Table 1 Demographic characteristics of the cases used in this study. Shown are differences between groups of the cases used in this study. [PMI post-mortem interval, SD standard deviation].
Figure 1
figure 1

Immunoreactivity scores for KP1, CR3/43, GFAP, ppRb and COX-2 in the temporal cortex of nondemented control and AD cases. Immunohistochemical stainings were performed as described previously [6]. The following primary antibodies were used: rabbit polyclonal anti-COX-2 (Cayman, Ann Arbor, MI), rabbit anti-phosphoserine pRb (pSer 795, Cell Signaling, Beverly, MA). Mouse anti-CD68 (KP1) and mouse anti-HLA-DP, DQ, DR (CR3/43) were obtained from DAKO (Heverlee, Belgium). Mouse anti-Glial Fibrillary Acidic Protein (GFAP) was obtained from Monosan (clone 6F2, Uden, The Netherlands). Morphometric investigation was aimed at determining the area density occupied by the immunoreactive glial cells in the cortical layer. The area density (%) was quantified using Image-Pro Plus analysis software (Media Cybernetics, Silver Spring, MD). Immunoreactive neurons (COX-2 and ppRb) were counted in a total area of 2 mm2. Neurons were distinguished from non-neuronal cells by nuclear size and shape. Values of cases are grouped according to the Braak stage for neurofibrillary changes (O, I-II, III-IV, V-VI) or Aβ deposits (O, A, B, C). Results are expressed as box plots. The box represents the interquartile range that contains 50% of the values. The whiskers extend from the box to the highest and lowest values. The line across the box indicates the median. Kruskall-Wallis test was used to evaluate differences between groups followed by the Mann-Whitney U test, to test differences between pairs of groups. Correlation analysis was done using the Pearson parametric and Spearman non-parametric method. * p < 0.05 versus Braak stage O. # p < 0.05 versus Braak stage C.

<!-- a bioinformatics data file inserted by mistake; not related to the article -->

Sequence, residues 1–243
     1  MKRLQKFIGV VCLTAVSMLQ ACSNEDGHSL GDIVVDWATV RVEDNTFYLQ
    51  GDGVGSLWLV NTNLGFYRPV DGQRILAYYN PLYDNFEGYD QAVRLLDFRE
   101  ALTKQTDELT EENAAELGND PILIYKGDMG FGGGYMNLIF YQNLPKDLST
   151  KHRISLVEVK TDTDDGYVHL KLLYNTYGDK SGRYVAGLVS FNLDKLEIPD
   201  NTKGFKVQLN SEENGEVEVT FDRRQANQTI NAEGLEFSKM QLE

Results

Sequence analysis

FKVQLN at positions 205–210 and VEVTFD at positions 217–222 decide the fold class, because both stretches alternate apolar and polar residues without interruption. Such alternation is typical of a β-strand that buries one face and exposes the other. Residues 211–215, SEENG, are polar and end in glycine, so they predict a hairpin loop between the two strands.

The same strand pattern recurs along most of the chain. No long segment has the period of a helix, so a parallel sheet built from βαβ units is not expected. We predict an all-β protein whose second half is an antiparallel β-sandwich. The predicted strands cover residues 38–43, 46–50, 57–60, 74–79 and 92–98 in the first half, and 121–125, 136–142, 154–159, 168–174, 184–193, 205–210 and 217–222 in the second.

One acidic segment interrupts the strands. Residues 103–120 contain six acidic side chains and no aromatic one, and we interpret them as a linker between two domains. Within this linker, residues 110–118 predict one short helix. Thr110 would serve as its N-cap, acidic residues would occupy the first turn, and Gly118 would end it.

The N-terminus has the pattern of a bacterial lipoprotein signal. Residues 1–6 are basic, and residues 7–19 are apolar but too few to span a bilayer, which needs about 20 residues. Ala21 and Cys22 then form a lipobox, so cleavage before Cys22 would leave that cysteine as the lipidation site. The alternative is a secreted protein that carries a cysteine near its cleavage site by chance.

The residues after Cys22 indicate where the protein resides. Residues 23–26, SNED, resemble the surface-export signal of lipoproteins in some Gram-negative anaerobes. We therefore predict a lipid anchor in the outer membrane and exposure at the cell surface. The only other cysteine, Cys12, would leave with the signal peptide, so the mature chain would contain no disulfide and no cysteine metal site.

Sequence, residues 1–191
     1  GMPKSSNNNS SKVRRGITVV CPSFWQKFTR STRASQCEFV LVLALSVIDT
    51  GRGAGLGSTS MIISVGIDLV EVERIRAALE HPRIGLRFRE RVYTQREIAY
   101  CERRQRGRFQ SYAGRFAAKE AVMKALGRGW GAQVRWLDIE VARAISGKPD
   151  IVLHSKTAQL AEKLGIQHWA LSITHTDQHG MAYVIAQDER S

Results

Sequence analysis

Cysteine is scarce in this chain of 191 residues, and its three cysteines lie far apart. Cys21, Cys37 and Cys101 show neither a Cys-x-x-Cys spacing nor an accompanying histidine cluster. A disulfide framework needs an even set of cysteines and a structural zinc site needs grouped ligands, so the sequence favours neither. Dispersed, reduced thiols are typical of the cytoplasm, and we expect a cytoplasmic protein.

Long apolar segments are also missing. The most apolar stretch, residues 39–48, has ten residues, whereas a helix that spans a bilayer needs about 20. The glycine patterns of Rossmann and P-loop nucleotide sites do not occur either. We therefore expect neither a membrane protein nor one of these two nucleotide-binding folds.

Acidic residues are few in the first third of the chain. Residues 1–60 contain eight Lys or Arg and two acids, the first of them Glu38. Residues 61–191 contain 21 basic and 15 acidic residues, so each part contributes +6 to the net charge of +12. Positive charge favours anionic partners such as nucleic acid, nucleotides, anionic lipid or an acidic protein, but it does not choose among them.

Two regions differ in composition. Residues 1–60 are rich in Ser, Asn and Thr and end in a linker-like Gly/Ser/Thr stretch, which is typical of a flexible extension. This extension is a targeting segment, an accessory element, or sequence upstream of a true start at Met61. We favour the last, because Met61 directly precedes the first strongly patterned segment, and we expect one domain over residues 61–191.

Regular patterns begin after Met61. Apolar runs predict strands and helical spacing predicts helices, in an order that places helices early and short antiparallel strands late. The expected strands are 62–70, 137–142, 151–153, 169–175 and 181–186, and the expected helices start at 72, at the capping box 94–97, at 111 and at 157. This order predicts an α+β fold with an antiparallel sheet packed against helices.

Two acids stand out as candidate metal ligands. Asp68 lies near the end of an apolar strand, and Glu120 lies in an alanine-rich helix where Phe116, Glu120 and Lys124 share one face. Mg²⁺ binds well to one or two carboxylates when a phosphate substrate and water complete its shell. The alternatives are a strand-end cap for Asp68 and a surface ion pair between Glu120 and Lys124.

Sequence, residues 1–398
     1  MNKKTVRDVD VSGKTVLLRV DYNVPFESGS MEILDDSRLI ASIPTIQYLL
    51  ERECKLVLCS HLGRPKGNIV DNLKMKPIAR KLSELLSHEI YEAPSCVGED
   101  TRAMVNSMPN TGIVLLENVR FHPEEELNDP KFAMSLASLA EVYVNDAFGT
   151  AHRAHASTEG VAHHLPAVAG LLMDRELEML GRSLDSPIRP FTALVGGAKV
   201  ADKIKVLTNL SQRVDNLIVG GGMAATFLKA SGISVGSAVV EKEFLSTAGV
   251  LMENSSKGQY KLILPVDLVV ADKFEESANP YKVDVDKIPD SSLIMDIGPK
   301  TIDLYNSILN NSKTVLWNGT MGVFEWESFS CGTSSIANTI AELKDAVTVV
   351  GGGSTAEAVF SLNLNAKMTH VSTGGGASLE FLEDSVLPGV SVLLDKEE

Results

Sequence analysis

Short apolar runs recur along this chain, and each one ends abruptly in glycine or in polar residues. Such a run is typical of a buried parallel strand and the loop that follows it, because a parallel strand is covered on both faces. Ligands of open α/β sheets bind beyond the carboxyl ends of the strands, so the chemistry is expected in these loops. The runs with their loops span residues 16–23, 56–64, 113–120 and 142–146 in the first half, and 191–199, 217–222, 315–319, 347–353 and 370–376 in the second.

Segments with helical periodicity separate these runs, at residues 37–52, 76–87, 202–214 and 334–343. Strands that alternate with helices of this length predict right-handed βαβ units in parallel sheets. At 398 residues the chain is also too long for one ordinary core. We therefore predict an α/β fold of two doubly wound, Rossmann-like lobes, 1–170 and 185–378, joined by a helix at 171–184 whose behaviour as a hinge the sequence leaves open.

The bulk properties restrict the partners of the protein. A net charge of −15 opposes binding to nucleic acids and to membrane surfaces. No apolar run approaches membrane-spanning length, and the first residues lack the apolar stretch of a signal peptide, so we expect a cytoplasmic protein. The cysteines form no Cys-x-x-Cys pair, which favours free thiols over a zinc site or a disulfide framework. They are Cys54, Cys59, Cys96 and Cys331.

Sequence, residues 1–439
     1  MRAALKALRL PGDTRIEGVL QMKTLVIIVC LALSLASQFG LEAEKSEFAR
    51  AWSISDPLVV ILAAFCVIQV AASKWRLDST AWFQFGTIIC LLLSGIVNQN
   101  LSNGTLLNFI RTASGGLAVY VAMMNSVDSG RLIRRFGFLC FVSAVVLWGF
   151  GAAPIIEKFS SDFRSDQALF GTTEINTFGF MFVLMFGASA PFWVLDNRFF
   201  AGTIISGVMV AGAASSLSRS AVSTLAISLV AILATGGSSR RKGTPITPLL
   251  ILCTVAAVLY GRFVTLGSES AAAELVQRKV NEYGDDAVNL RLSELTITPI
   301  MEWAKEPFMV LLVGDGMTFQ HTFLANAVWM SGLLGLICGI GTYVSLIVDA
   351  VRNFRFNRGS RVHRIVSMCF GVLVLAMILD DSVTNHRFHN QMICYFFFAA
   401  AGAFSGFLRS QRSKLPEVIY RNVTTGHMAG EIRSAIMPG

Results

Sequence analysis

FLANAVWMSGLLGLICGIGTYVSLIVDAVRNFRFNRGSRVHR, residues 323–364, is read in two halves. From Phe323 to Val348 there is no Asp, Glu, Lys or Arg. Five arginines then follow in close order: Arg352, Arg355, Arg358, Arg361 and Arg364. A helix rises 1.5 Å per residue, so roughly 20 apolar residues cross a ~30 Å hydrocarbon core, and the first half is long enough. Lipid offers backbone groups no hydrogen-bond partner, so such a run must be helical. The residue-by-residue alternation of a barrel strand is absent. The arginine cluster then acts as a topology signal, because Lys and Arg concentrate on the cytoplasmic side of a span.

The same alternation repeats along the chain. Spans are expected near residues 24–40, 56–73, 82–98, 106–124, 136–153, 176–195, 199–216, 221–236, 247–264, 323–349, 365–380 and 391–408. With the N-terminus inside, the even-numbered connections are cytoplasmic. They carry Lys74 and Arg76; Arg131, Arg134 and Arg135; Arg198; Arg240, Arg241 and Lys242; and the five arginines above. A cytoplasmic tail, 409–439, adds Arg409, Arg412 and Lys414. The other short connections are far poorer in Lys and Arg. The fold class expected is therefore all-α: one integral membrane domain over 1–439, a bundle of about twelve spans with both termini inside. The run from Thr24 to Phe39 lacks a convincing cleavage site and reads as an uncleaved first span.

Although it is tempting to assume that these stages reflect the clinical changes, this study aims to show the relation between different molecular pathologically defined events. Cases with Braak stage A used in this study had either Braak stage I or II for neurofibrillary changes. In Braak stage A for amyloid low densities of amyloid plaques are only found in the temporal cortex and other parts of the isocortex [18]. Activated glial cells are mostly associated with neuritic plaques not with diffuse Aβ plaques [10]. This is in agreement with our data which shows a gradual increase in microglia and astrocytes with the Braak score for neurofibrillary changes and high levels of activated glial cells in cases with Braak score B and C (figure 1).